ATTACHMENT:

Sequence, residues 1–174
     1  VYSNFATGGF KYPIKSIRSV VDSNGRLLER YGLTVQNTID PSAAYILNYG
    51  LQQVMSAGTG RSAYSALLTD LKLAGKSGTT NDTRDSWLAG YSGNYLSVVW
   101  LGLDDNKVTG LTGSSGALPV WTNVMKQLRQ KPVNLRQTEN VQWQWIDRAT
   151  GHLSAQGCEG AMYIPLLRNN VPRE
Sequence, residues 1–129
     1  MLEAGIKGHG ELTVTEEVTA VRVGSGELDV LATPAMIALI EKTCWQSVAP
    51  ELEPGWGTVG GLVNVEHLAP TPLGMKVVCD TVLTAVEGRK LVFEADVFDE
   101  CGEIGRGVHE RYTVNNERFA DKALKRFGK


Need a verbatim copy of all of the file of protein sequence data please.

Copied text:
Sequence, residues 1–174
     1  VYSNFATGGF KYPIKSIRSV VDSNGRLLER YGLTVQNTID PSAAYILNYG
    51  LQQVMSAGTG RSAYSALLTD LKLAGKSGTT NDTRDSWLAG YSGNYLSVVW
   101  LGLDDNKVTG LTGSSGALPV WTNVMKQLRQ KPVNLRQTEN VQWQWIDRAT
   151  GHLSAQGCEG AMYIPLLRNN VPRE
Sequence, residues 1–129
     1  MLEAGIKGHG ELTVTEEVTA VRVGSGELDV LATPAMIALI EKTCWQSVAP
    51  ELEPGWGTVG GLVNVEHLAP TPLGMKVVCD TVLTAVEGRK LVFEADVFDE
   101  CGEIGRGVHE RYTVNNERFA DKALKRFGK